By Catherine Lague, Greater New York Red Cross Assistant Director, Outreach and Preparedness
Unable to resist her charms, I dropped a piece of watermelon in her bowl. She scurried over to enjoy her treat while I resumed watching a movie from the couch. Lola started heading back to the couch when as usual she decided to double-check her bowl for missed treats.
After ensuring that she got every morsel, Lola meandered back to the couch and stared at me. I motioned her to jump up onto the couch, but she just sat there staring. I called her repeatedly when finally she went to the corner of the room, where she continued staring unresponsively.
Getting nervous, I went over to pet her while cooing her name. Still unresponsive, she stared down. As I petted her, I noticed her tummy was rock hard. Immediately, I checked her breathing with my ear to her snout hoping to hear her breath and feel it on my cheek. There was nothing.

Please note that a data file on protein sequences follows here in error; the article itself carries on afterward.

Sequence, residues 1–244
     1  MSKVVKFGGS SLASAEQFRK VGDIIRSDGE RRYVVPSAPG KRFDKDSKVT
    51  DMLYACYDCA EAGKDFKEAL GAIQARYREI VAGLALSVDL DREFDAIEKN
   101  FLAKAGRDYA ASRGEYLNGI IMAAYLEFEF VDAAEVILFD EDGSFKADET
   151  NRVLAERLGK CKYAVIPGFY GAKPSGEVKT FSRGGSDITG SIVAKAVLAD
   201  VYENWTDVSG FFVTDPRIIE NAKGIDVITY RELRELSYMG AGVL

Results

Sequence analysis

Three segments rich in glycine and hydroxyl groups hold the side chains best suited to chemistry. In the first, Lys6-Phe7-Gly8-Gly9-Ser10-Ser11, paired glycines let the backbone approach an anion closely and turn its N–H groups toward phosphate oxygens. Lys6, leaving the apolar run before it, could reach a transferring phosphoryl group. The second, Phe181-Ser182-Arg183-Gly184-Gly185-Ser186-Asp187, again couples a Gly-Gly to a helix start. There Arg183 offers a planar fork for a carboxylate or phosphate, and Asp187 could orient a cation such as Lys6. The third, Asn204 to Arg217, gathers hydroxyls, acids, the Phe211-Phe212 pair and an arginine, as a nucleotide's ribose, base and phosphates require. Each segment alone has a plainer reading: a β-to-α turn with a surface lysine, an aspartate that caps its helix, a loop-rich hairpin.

Realizing that she was choking and already a few minutes had passed, I had to act quickly. Hoisting the little dog’s hind legs in the air and shaking her, I hoped to use gravity to dislodge the food. Nothing. I picked Lola up upside down. Still nothing. Slightly panicked, I put the little dog down, leaned her over, and gave a few rapid hits between her shoulder blades while fishing for an object in her throat. Finally, Lola coughed up the watermelon piece and began breathing normally.
With the worst over, I began shaking while gratefully hugging my little dog for a few moments. Keeping Lola in sight, I called the local 24-hour emergency veterinarian. They advised me to keep an eye on her and not to feed her large amounts of solid food in case her throat was swollen.
Almost immediately after the incident, Lola returned to her normal self and even begged for more watermelon. I meanwhile have remained cautious and extremely grateful to still have my pooch. I have taken extra care to review the lessons from Pet First Aid and save the 24-hour veterinarian’s phone number. Luckily, my actions mirrored official recommendations except for a few small details.
I’ve also shared Lola’s story to encourage friends and family to prepare to help their pets in an emergency.